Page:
A divided Rockland City Council voted to postpone consideration of a height limit on buildings in part of Rockland's downtown, but gave initial approval to a moratorium on buildings more than 50 feet tall in the South End July 14.

The council held a public hearing and final reading on an ordinance amendment sponsored by Councilor Elizabeth Dickerson that would limit buildings to a maximum height of 50 feet or four stories in the downtown south of Park Street.

Dickerson moved passage on the amendment, and the floor was turned over to Councilor Frank Isganitis. As Isganitis was starting to speak, Dickerson said, "I move the question."

Dickerson argued that her moving the question trumped what Isganitis was going to do, but Mayor Larry Pritchett and City Clerk Stuart Sylvester said Isganitis had the floor at that point, so she could not make the motion.

Isganitis proceeded to move to postpone until February to give the council six months to study the issue.

Dickerson asked if he supported the six-month moratorium on building projects of more than 50 feet in height, which was proposed by the city's Comprehensive Planning Commission. He said he did not support the moratorium.

Dickerson argued that if the council was going to postpone the height limit, it should support the moratorium.

She said it has been an unfortunate process that has left the citizens divided, but she felt giving it six months might bring people together. She said it is important for a political body and city staff to maintain "agnostic engagement" with the issue and that, too often, the citizens are at odds with the council or feel helpless to protect their quality of life and sense of place.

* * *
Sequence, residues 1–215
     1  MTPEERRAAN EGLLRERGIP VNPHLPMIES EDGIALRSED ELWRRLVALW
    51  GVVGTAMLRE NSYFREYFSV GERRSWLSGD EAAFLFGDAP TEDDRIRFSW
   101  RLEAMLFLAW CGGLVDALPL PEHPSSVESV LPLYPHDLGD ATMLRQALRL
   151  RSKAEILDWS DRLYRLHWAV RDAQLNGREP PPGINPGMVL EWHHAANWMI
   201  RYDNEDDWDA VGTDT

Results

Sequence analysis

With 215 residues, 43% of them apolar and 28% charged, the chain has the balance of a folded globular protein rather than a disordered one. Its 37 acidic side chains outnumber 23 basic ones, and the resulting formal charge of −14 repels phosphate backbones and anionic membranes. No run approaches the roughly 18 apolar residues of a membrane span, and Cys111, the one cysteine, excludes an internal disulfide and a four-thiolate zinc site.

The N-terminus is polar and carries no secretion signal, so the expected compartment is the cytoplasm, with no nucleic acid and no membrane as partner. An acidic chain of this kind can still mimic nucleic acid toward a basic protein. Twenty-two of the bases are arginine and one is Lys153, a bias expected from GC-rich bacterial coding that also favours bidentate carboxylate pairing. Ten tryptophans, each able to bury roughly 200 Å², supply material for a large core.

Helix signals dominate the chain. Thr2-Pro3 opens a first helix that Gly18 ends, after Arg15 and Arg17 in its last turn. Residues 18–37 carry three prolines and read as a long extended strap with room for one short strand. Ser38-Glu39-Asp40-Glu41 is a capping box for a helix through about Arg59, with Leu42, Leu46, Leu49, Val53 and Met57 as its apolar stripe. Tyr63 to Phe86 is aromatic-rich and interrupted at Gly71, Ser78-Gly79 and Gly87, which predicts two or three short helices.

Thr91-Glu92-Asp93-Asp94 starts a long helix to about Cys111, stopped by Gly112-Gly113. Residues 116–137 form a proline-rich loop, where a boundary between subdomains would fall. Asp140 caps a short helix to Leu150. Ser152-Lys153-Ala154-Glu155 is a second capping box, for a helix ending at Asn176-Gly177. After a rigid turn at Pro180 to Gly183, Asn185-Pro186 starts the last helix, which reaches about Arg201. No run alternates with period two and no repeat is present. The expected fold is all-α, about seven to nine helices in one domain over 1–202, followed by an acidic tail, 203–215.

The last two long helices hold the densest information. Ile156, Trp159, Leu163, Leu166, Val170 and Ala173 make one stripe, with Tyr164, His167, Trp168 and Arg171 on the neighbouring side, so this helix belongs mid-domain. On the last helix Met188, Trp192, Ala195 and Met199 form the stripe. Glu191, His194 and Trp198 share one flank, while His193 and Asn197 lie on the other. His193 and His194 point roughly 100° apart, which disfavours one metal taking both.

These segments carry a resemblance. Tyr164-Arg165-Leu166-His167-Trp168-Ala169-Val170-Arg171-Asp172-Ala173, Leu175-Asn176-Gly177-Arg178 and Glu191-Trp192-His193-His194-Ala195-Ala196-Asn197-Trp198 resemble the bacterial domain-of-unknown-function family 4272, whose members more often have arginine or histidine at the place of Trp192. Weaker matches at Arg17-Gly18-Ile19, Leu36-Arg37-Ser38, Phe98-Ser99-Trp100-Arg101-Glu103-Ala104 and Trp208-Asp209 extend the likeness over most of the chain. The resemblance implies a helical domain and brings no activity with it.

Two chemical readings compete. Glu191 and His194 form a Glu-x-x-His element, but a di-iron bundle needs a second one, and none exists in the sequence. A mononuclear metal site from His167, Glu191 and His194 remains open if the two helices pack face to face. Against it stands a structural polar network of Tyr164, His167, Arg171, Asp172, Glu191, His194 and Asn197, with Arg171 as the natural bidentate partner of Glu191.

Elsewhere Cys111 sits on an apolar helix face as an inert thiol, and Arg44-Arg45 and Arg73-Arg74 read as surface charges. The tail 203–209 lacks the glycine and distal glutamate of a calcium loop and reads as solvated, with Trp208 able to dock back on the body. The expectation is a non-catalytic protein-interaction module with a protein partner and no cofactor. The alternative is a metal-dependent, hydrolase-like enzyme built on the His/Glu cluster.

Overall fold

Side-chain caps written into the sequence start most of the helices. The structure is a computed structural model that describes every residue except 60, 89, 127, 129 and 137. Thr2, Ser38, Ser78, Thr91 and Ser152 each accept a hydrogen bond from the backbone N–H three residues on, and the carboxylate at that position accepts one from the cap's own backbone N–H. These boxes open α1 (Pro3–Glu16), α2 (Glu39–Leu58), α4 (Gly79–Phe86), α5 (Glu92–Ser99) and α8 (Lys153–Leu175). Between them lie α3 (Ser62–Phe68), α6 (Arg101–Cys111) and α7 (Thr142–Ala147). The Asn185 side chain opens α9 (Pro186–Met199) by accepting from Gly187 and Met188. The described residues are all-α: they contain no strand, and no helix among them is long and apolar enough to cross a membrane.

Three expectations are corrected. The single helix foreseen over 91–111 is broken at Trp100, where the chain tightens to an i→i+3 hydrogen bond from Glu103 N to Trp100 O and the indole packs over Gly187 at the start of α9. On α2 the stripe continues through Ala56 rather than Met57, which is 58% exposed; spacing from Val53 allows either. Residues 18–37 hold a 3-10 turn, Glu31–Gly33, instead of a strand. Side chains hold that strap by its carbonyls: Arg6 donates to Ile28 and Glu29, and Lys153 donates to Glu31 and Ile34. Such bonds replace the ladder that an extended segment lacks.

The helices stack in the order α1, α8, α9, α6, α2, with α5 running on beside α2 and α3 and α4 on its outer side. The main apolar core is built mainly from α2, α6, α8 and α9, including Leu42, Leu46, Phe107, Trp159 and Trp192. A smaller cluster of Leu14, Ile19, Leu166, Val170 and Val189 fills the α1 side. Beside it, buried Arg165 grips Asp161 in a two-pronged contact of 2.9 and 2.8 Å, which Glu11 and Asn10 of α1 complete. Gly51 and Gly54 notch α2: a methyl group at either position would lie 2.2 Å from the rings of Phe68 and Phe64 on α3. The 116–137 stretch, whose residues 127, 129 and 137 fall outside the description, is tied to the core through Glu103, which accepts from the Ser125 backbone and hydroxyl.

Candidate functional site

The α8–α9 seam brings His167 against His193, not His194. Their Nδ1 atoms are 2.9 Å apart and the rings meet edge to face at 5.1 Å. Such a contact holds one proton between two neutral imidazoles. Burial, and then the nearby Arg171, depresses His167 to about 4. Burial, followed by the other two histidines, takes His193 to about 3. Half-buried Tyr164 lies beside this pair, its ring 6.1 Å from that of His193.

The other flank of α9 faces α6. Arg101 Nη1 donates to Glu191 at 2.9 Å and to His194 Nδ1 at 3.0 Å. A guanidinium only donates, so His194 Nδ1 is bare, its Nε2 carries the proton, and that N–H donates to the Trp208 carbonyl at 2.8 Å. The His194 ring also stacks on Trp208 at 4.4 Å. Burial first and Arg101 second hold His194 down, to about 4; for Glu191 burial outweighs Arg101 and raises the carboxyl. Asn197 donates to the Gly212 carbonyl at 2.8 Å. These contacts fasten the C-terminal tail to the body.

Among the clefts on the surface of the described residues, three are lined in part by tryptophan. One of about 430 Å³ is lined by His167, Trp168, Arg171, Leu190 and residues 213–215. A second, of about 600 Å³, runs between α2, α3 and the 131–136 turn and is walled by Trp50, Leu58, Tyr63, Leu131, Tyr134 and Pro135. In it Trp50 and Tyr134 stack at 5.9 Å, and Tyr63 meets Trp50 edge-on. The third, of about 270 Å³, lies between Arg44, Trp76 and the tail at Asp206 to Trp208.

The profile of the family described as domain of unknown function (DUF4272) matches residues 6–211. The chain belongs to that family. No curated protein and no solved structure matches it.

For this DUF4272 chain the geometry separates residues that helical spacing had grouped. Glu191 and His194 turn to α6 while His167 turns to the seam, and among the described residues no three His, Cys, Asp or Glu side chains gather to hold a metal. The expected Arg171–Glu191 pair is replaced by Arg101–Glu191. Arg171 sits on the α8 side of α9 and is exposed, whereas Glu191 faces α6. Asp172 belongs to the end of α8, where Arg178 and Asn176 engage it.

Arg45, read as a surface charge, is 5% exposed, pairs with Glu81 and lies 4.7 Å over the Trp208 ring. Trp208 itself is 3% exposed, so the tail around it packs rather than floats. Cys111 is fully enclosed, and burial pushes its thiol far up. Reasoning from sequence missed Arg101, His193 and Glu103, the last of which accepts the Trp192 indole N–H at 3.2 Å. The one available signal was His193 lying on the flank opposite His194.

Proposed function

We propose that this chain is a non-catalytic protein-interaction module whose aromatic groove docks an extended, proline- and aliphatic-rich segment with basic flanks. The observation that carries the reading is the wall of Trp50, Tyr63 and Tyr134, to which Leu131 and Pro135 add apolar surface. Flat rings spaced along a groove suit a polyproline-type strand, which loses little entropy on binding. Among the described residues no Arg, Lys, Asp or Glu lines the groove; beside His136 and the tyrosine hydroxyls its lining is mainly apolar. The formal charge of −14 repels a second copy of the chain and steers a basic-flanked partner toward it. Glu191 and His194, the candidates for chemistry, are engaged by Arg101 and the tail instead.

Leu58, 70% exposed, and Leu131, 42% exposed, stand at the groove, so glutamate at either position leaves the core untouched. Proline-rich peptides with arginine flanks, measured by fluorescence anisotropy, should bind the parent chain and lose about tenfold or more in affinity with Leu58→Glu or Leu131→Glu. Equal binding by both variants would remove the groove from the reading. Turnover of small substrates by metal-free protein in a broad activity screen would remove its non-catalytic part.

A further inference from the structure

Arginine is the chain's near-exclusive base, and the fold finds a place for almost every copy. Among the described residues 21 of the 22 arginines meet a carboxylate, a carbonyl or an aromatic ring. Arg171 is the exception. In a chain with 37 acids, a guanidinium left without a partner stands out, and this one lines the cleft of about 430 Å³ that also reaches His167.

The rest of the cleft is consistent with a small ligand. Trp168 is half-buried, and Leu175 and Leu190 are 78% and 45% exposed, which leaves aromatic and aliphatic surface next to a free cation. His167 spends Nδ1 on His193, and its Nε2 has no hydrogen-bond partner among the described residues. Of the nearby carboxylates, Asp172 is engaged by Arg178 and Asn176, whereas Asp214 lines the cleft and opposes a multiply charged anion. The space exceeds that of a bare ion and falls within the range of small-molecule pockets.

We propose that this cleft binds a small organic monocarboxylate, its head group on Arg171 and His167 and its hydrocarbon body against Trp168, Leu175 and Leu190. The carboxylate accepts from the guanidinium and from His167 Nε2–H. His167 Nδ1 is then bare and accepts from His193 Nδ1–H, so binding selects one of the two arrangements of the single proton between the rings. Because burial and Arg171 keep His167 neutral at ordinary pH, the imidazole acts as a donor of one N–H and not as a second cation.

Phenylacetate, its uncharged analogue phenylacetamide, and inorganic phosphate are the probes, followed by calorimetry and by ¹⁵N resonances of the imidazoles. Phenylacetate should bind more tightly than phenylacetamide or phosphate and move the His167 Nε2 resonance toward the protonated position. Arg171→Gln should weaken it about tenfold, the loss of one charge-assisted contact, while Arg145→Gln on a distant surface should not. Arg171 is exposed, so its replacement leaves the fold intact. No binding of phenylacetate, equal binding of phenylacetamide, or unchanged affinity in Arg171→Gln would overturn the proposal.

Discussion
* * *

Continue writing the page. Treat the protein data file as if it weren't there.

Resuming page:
Isganitis argued the existing 65-foot height limit has been in place for 30 years.

The council voted 3-2 to postpone the height limit ordinance with Dickerson and Louise MacLellan-Ruf opposed to the postponement. Isganitis, Pritchett and Eric Hebert supported it.

The Comprehensive Planning Commission had recommended the council not act on the ordinance and recommended a six-month moratorium on new applications for new and expanded buildings exceeding 50 feet in height in the downtown zone south of Park Street. Pritchett describes the area in question as "the two blocks bounded by Union, Pleasant, Main and Park Streets plus the properties along Main Street and Park Drive that abut Harbor Park."

The council voted 3-2 to give initial approval to an ordinance for the moratorium, and will have to finalize it at a later meeting. In this case, Hebert and Isganitis were opposed to the motion.

Isganitis argued the 65-foot horse was already out of the barn, referring to the five-story hotel that has already been approved in the South End. He and Hebert expressed concern that this sends the message that Rockland is not open to new development.

Pritchett disagreed. He noted this will affect about one city block.

In other business

The council voted 3-2 to approve in final reading an ordinance amendment establishing a pay-per-bag system for disposal of municipal solid waste (trash). MacLellan-Ruf and Dickerson opposed the ordinance.

Dickerson said she has always promoted recycling, taking care of the environment and limiting trash, but said she opposed this because the citizens of Rockland feel pushed up against a wall with property taxes and other rising costs for services.

Hebert argued this is the fairest way to pay for the disposal of trash.

As of May 2, 2015, residents will have to buy special bags from the city to dispose of household trash or pay by the ton, rather than buying dump sticker for their vehicles.

Dickerson pointed out the city is spending $6,000 to buy the plastic bags for the program.

Courier Publications News Director Daniel Dunkle can be reached at ddunkle@courierpublicationsllc.com or 594-4401 ext. 122.